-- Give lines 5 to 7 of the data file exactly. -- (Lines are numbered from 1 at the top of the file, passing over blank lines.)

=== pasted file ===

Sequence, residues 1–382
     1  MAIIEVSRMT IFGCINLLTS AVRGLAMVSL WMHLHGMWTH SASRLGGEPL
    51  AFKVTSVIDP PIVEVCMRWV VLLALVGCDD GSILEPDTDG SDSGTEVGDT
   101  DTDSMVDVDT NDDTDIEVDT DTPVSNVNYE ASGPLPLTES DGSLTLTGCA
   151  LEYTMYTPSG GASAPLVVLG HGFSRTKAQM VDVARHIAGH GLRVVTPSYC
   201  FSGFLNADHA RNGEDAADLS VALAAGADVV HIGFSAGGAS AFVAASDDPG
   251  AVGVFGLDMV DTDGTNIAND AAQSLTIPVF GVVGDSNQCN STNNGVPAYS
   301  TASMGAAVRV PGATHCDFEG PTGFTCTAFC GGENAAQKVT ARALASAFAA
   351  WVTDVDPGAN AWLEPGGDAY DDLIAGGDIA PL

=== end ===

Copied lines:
   151  LEYTMYTPSG GASAPLVVLG HGFSRTKAQM VDVARHIAGH GLRVVTPSYC
   201  FSGFLNADHA RNGEDAADLS VALAAGADVV HIGFSAGGAS AFVAASDDPG
   251  AVGVFGLDMV DTDGTNIAND AAQSLTIPVF GVVGDSNQCN STNNGVPAYS